Aug 252011
 

St. Peter’s Ruby Red Ale

This is a two can 3kg kit which is made under licence by muntons. The St. peters ruby red ale kit emulates the ale which can be bought in your local supermarket. The blurb states”  a tawny red ale with subtle malt undertones and a distinctive spicy hop aroma from Cascade”. The kit costs around £22 which works out at 55p a pint. This kit comes with 2 cans of extract, a sachet of yeast and a sachet of hops. There are two other kits in this range which are St. Peter’s Golden ale and St. Peter’s IPA. I am a fan of darker ales so i decided to try the ruby red ale first.

Brewing.

This kit does not need any extra sugar or malt extract. This makes this type of kit one of the easiest to make for the home brewer. The two cans were warmed in boiling water and added to a sterilised fermenter. The empty cans were filled with boiling water to dissolve the last remnants of extract in the cans, and this too was added to the fermenter. There was enough water in the cans to mix the brew adequately, so no further boiling water was added. The fermenter was then topped up to the 23litre mark to the correct temperature. The hops were then sprinkled onto the brew along with the yeast. The lid was put on the fermenter, and the fermenter put in my usual place in my “brewing cupboard”. I didn’t take a starting gravity for the brew, there was no point as the only ingredients were the kit.

The beer happily fermented over 7 days and the final gravity was around 1.014. The beer was batch primed with the correct amount of dextrose and added to my keg. I did bottle some in 4 bottles just to make a comparison of taste between the keg and bottle. The beer was left for two weeks to condition. The beer cleared quickly so i did have a few “testers” before the 4 weeks were up.

Taste and conclusion.

This beer tasted great! The taste is smooth with a great balance between maltiness and hop bitterness. Its hard to describe in words how much I enjoyed this beer. The carbonation on the beer was great. The head on the beer was like an ice cream and remained on the beer to the bottom of the glass. The beer looked more brown with a red tinge than pure red. The beer that was bottled was equally nice just a tad more carbonated. This kit is at the expensive end of the market and to be honest you can see why, it is a premium beer. I would of liked to compare this homebrew to the shop bought version, but I didn’t get chance. I would like to bet though the hombrew is very near the real thing. The only problem with this beer is that 40 pints goes very quickly, it is very quaffable. This is a kit I can recommend and one I will be making again. Easy to make- very very easy to polish off!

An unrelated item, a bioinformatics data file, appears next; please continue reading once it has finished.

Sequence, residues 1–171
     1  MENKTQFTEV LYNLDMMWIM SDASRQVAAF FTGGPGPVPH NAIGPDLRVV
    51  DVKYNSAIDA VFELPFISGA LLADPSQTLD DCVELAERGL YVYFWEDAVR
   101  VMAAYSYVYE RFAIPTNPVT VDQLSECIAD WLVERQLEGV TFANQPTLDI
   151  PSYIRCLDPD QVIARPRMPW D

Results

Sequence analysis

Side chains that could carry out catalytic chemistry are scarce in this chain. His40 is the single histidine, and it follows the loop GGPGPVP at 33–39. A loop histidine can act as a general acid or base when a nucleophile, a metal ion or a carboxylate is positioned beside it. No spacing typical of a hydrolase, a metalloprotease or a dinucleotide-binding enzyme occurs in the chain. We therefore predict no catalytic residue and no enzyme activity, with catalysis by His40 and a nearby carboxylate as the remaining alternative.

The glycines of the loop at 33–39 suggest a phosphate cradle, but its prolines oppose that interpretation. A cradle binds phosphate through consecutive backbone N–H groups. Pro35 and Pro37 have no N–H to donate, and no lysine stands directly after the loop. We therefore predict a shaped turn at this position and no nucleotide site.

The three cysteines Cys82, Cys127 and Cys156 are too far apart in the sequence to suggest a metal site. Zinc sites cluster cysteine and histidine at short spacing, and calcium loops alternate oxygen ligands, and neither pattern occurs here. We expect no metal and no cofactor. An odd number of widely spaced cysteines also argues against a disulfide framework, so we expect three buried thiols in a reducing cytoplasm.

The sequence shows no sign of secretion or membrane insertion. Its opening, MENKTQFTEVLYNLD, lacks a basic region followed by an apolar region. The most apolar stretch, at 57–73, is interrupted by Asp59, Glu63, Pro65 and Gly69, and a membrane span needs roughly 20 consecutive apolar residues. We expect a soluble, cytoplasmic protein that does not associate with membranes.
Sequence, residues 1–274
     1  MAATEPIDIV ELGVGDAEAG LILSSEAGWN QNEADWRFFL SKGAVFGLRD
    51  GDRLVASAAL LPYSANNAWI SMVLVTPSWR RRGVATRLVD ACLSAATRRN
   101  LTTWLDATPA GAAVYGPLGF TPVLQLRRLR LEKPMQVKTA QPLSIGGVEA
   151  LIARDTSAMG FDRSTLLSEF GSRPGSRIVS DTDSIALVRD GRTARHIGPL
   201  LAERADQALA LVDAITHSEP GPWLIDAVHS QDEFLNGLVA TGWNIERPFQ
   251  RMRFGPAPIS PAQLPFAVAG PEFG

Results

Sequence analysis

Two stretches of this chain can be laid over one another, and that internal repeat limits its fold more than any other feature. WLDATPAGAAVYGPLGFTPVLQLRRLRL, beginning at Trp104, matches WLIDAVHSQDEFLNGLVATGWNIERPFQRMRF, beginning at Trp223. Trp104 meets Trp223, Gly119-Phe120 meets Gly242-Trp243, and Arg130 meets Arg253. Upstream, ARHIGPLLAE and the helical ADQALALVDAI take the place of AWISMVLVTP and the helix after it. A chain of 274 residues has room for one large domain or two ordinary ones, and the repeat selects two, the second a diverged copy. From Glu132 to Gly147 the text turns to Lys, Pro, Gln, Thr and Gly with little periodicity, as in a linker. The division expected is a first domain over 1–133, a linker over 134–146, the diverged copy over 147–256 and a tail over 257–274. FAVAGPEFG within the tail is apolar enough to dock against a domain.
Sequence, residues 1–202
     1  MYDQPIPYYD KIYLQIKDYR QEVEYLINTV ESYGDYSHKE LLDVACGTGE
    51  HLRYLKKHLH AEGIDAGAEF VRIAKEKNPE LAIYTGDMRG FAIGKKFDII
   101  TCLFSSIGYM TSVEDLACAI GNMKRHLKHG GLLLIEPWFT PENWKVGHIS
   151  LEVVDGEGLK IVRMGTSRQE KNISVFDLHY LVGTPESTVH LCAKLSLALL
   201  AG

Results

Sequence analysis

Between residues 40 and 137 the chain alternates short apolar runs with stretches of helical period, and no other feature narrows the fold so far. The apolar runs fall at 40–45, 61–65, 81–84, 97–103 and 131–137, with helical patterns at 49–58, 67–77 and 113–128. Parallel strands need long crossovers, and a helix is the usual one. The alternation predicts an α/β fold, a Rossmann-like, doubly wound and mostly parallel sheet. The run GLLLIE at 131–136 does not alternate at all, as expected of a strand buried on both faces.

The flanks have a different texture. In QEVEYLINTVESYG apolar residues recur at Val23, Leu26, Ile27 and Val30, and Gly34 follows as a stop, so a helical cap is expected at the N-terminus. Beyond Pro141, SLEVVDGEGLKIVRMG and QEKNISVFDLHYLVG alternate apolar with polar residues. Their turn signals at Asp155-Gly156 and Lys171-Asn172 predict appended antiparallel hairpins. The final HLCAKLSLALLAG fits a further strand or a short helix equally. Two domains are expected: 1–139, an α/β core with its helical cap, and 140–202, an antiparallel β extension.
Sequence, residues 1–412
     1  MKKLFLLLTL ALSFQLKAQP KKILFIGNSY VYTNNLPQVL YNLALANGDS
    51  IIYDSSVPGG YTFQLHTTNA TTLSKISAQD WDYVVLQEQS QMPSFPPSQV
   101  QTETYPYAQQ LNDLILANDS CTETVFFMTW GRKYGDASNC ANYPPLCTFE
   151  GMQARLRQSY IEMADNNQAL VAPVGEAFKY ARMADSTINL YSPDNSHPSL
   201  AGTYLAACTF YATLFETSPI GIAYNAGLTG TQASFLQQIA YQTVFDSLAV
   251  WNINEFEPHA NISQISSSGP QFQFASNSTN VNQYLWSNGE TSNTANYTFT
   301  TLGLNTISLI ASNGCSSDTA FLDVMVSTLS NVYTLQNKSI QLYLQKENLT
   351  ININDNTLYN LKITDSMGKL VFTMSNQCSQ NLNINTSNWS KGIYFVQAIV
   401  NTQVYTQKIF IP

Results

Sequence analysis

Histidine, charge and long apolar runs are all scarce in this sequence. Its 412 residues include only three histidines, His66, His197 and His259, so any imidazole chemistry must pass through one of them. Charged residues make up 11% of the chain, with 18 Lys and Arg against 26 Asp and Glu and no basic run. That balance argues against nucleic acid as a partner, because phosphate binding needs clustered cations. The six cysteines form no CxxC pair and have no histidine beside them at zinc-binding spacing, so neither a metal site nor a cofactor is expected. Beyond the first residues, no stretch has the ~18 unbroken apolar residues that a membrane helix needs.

Aug 242011
 

Coopers European lager.

This kit form cooper’s costs around £13 and is 1.7kg. The coopers blurb says” Coopers European Lager captures the style of the finest quality lagers exported from Northern Europe. Serve well chilled in a tall, narrow glass with a generous head of 5cm or so and savour the herbaceous hop aroma and crisp finish. For the best results mix with 1 kg of Coopers Brew Enhancer 2 and store for at least 12 weeks in the bottle prior to drinking. This kit was purchased on impulse as the shop had run out of mexican cerveza (see above). The 12 week conditioning required was putting me off, but what the hell eh? Cost of kit and ingredients was £18.30 which works out at 45p a pint.

Brewing.

This lager kit comes with a packet of lager yeast so has to be fermented at a lower temperature. The brew was mixed as usual (500gms dextrose and 500gms of light spray malt) and not with the recommended coopers brew enhancer 2. The fermenter was placed in my usual brewing cupboard and covered with a wet towel to keep the temperature at 19°c. The beer took two weeks to ferment and was rather inactive through the airlock, with only a few bubbles every now and then. The beer was then bottled with the required amount of priming sugar, and left for required 12 weeks, the hardest part of making this kit!


Taste and conclusion.

To be honest i did try a “few” bottles after 8 weeks and it tasted great. The carbonation was fine and it did have a decent head. It tastes like a lager and competes with anything supermarket bought. I did a taste test with a famous belgian lager and there was no real difference, in fact people preferred my homebrew! Next time i make a batch of this lager it would benefit from some hop addition, just to give it a little bit more clout. I still have a few bottles left and to be honest i have drank one while writing this review. Conclusion – Harder to make, but well worth the effort.